‘Redesign the world’ was the theme of this year’s PICNIC. And to support this theme Mitchell Joachim from Terreform ONE quoted John F. Kennedy; “if man can create problems, man can solve them”. As always the international conference that combines innovation, cross media, design, and sustainability offered an inspiring three days of fresh ideas. Unfortunately we weren’t able to see all the talks, but we’ve made a small selection of the ones that we found the most insightful for advertising folk.

David Roman, CMO of Chinese computer brand Lenovo, talked about ‘Global Business Redesigned’. His most interesting insight was that the ‘net generation’ (aged 16-35, 1 billion in size), a generation that grew up with internet, has more in common around the globe, than different generations have in common within one single country. And it is because of this that the next generation enterprises will have a global mindset, will operate as a network and will be highly adaptive because of cultural diversity.

Roman’s prediction is already happening on Foursquare. Dennis Crowley, founder of Foursquare, talked about making the city easier in use by aggregating location based tips from the community – e.g. ‘when you enter the airport, don’t go to the first Starbucks, there’s one further down with not such a long waiting line’. The badges people can earn by ‘checking in’ places regularly, give the community a game-like incentive to contribute to the community. And this is one of the key success factors of Foursquare. Is life becoming a game, we asked ourselves.

When listening to Dan Hon, you might think so. Hon, co-founder of Six To Start and since this year working for Wieden+Kennedy, talked about the first Alternate Reality Game, The Beast, created by Microsoft to promote Steven Spielberg’s Artificial Intelligence in 2001. The game was set up as a ‘rabbit hole’, which means the consumer had to discover snippets of information floating around the internet, link them with each other, and by doing so solve a big puzzle. According to Hon it was this set up, that made solving puzzles the standard for ARG’s. Almost all the big ARG’s that followed, like Dark Night, Lost Ring, and Evoke were puzzles. Hon, a great speaker, said he was bored of doing stupid puzzles; “I don’t want to need a UV torch to get to the next bit of the story”. His point was that it was time that ARG’s started to entertain the mass, rather than excite a few nerds.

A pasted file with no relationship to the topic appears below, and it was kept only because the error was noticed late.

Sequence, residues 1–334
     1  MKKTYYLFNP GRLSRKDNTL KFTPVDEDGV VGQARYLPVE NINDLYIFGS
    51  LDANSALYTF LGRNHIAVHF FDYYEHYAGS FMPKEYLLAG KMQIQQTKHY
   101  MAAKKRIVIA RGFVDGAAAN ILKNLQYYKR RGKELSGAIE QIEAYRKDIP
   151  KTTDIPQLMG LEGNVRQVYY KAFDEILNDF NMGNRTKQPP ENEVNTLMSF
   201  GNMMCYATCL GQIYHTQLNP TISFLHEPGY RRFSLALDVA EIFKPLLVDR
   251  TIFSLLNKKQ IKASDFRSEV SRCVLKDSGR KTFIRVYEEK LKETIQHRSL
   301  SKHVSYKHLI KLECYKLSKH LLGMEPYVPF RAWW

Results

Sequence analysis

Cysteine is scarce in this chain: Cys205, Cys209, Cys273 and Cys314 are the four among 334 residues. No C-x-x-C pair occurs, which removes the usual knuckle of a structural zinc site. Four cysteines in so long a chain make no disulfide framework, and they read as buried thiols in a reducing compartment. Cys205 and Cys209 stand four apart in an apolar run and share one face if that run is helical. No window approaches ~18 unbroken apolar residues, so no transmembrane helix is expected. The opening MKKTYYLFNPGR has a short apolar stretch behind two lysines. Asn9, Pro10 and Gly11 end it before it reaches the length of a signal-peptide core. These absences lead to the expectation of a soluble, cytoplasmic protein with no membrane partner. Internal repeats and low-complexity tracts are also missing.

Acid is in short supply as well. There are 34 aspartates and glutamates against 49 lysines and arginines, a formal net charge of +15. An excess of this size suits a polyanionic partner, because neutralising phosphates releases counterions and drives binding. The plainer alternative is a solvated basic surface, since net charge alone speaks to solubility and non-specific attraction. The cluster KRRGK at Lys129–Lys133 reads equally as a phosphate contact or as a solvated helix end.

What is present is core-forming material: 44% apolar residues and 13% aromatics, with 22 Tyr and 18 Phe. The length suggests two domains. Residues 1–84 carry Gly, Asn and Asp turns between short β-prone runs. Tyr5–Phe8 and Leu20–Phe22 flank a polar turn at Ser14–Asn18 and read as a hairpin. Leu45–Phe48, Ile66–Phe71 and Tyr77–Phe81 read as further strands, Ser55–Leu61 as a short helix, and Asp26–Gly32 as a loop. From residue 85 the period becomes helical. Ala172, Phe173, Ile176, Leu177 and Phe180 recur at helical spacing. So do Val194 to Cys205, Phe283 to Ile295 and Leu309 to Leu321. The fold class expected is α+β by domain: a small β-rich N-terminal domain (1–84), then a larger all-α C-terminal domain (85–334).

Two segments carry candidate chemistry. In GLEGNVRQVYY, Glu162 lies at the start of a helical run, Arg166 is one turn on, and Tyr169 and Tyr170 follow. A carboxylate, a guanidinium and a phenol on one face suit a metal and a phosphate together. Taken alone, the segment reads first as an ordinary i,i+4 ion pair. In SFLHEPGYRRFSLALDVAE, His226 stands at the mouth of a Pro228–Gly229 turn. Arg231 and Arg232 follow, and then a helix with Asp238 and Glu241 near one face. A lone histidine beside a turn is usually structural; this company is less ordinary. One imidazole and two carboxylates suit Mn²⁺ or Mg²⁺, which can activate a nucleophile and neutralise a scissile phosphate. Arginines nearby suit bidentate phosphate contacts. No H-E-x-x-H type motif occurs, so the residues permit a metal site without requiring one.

Cory Doctorow, an advocate of liberalizing copyright laws, talked about free content online. Since copying will only get easier, he says, people shouldn’t fight the copy culture, but embrace it. Doctorow clearly practices what he preaches, since his science fiction e-books are freely distributed online. Doctorow believes that it only stimulates people to buy his physical books. What’s more, a physical product gets more value when its digital equivalent is free. Doctorow further substantiated his point by using a brilliant quote from Tim O’Reilly “the problem for artists is not piracy, it’s obscurity”. Since it’s easier to capitalize on being loved, than on being obscure, it’s more effective to seed your work online, than to protect it from people consuming it.